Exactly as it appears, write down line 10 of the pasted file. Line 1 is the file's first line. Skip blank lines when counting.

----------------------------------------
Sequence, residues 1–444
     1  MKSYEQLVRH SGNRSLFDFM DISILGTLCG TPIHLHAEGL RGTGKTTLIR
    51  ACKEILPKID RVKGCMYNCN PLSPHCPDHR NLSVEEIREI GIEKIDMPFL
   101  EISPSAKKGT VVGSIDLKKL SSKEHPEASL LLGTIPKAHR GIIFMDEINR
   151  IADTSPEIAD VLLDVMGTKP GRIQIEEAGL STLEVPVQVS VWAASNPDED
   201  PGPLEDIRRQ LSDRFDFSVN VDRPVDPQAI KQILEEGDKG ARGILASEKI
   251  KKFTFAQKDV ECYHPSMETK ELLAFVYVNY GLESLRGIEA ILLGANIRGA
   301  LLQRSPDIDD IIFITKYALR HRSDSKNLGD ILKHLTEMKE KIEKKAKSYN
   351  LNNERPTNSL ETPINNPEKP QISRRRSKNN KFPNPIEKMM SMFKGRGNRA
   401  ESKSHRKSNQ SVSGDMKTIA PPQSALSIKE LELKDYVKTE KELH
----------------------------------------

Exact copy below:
   401  ESKSHRKSNQ SVSGDMKTIA PPQSALSIKE LELKDYVKTE KELH